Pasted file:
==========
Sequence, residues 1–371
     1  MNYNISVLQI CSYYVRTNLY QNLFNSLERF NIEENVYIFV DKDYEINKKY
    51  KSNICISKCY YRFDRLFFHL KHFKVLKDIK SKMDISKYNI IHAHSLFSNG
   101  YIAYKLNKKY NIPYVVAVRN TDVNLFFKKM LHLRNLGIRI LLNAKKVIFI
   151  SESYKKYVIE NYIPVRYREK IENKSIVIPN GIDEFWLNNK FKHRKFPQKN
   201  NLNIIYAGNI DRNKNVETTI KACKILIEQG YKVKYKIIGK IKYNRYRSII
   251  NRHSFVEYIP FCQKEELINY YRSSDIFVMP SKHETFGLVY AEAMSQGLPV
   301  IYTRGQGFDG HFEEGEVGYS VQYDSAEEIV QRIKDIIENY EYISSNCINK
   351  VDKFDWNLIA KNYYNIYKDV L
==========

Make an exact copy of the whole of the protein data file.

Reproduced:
Sequence, residues 1–371
     1  MNYNISVLQI CSYYVRTNLY QNLFNSLERF NIEENVYIFV DKDYEINKKY
    51  KSNICISKCY YRFDRLFFHL KHFKVLKDIK SKMDISKYNI IHAHSLFSNG
   101  YIAYKLNKKY NIPYVVAVRN TDVNLFFKKM LHLRNLGIRI LLNAKKVIFI
   151  SESYKKYVIE NYIPVRYREK IENKSIVIPN GIDEFWLNNK FKHRKFPQKN
   201  NLNIIYAGNI DRNKNVETTI KACKILIEQG YKVKYKIIGK IKYNRYRSII
   251  NRHSFVEYIP FCQKEELINY YRSSDIFVMP SKHETFGLVY AEAMSQGLPV
   301  IYTRGQGFDG HFEEGEVGYS VQYDSAEEIV QRIKDIIENY EYISSNCINK
   351  VDKFDWNLIA KNYYNIYKDV L